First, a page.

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Dynasty trade value chart: How to figure out trades in dynasty fantasy leagues

Charlotte, NC, USA; Carolina Panthers wide receiver D.J. Moore (12) with the ball as New Orleans Saints cornerback Eli Apple (25) and defensive tackle David Onyemata (93) defend in the first quarter at Bank of America Stadium. Mandatory Credit: Bob Donnan-USA TODAY Sports

It can be difficult for two fantasy owners to agree on a trade in season in a redraft fantasy football league. Doing the same in a dynasty league is even harder. That’s why we’ve produced the following dynasty trade value chart. It follows a similar logic to the weekly trade value charts Tyler Loechner has produced in past seasons. Simply balance the total values on both sides and you have a fair dynasty trade. The difference here is the valuations are for dynasty leagues and rely on both PFF’s 2019 projections and positional aging curves that account for factors like recent production and draft pedigree.

Both the PPR and Non-PPR values are estimated for 12-team leagues with a starting lineup of 1 QB, 2 RBs, 3 WRs, 1 TE, and 1 flex player.

Your trade options will depend on your current dynasty rosters, but I’ve mocked 10 trades to illustrate the types of trades that might make sense. Often the best path to success in dynasty is to align your roster for a title window of a few years. That approach naturally pairs up win-now teams with rebuilding teams.

Saquon Barkley ($70) for Melvin Gordon ($37) and Antonio Brown ($32)

In a snake draft, Barkley is the No. 1 pick this season, the same as Todd Gurley was in 2018 and David Johnson was in 2017. That’s why it is a necessity to consider player value when making a trade. Barkley is about as valuable as any dynasty asset has ever been. He is a durable, athletic phenom coming off a rookie season of 261 carries, 91 receptions, and 15 touchdowns, and he’ll still be 22 years old when the 2019 season kicks off this September. He is $19 more valuable than any other dynasty asset. If you have the constitution to unload him in an extreme win-now move, you need a return of at least two fantasy stars like Gordon and Brown.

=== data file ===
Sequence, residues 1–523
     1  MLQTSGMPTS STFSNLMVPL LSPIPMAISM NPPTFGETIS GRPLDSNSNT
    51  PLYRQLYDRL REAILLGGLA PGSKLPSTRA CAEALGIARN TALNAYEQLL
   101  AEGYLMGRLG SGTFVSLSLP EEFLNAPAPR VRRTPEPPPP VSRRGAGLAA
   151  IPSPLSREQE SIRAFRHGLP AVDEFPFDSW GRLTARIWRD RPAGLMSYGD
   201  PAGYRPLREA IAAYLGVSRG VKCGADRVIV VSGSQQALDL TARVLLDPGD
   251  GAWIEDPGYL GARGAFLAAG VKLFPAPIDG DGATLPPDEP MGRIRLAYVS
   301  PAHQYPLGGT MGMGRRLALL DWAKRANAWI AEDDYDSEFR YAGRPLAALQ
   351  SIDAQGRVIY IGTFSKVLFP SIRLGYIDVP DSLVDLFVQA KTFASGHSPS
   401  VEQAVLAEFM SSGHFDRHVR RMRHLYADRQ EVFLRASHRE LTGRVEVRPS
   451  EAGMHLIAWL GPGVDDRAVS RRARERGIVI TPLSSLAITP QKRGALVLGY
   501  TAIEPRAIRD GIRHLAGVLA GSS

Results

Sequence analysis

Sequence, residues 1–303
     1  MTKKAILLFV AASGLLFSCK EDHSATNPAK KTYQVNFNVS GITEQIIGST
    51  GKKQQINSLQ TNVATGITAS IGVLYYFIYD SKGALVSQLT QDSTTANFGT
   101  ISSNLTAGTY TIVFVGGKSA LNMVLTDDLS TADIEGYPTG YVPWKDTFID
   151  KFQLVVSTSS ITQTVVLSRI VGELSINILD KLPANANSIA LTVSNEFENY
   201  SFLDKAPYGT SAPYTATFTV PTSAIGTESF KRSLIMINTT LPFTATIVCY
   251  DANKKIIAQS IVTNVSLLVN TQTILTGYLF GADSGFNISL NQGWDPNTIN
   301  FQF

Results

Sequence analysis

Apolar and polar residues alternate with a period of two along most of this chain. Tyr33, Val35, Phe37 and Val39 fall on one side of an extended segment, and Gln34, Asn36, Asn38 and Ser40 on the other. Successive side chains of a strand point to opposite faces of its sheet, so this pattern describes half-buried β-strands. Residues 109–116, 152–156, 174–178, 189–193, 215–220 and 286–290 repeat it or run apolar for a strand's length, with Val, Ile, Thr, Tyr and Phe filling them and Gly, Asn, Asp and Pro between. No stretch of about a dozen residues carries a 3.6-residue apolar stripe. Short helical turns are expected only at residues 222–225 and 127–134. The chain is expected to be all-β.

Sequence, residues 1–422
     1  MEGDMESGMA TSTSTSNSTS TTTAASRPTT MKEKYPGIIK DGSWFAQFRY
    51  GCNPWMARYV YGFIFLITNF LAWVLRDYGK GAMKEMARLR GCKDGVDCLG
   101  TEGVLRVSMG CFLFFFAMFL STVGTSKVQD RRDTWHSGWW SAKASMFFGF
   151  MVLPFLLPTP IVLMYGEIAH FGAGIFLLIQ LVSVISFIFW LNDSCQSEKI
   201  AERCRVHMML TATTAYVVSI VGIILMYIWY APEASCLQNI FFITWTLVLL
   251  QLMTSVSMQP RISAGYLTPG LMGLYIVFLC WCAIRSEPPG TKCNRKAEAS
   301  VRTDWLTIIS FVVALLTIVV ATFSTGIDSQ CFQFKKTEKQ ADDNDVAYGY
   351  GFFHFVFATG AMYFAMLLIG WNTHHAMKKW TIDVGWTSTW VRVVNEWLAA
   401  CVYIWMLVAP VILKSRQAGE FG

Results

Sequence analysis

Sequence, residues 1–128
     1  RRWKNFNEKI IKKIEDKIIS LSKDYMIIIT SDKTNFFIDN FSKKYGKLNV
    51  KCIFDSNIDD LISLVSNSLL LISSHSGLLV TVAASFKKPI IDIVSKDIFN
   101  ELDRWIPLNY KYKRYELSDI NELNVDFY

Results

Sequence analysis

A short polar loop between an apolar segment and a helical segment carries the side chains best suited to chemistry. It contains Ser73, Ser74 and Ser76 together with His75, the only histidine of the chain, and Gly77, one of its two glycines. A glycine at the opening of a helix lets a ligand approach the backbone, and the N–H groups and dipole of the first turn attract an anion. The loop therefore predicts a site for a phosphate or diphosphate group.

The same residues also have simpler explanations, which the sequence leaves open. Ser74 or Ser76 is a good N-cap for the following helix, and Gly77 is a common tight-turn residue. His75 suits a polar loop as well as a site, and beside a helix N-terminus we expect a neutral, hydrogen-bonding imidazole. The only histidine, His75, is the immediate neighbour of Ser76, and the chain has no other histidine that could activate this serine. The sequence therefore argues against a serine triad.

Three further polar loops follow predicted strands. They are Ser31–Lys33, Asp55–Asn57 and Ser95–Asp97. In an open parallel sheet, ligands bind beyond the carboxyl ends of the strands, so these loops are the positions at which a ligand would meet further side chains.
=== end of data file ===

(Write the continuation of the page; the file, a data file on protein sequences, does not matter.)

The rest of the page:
Ezekiel Elliott ($49) for Odell Beckham Jr. ($49)

Elliott and Beckham neatly demonstrate the inner-working of a dynasty valuation. Elliott is two and a half years younger than Beckham but plays the more volatile position of running back. Elliott has had a suspension while Beckham has had some injuries and was traded this offseason. Those are pretty different profiles, but for two players who are really productive when they play, it adds up to the same $49 of value in PPR dynasty. Feel free to trade one for the other if you are a Cowboys or Browns fan or need a running back or receiver.

Josh Jacobs ($25) for Mark Ingram ($12), Kenyan Drake ($10), and Drew Brees ($3)

Jacobs isn’t the same slam-dunk prospect that Barkley was in 2018, but he’s still the consensus No. 1 dynasty player who landed in a favorable situation with the Raiders where he can dominate touches as a rookie. To consider moving him, target a collection of valuable veterans with shorter windows of potential success like Ingram, Drake, and Brees.

Derrius Guice ($25) for D.J. Moore ($25)

Were it not for Barkley, Guice would have likely been the No. 1 dynasty choice in 2018 rookie drafts. An ACL tear delayed the start of his career by a year, but he’s just half a year older than Jacobs and has similar long-term value. Still, if the injury and lack of college receptions make you nervous, you should be able to move Guice for a higher-floor, lower-ceiling prospect like receiver Moore.

Patrick Mahomes ($27) for Andrew Luck ($20) and Marquise Brown ($7)